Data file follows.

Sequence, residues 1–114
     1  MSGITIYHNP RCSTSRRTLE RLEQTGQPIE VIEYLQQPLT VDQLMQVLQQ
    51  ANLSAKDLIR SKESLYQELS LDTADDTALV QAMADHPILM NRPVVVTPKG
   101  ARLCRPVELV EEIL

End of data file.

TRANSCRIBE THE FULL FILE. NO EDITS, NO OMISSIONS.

Sequence, residues 1–114
     1  MSGITIYHNP RCSTSRRTLE RLEQTGQPIE VIEYLQQPLT VDQLMQVLQQ
    51  ANLSAKDLIR SKESLYQELS LDTADDTALV QAMADHPILM NRPVVVTPKG
   101  ARLCRPVELV EEIL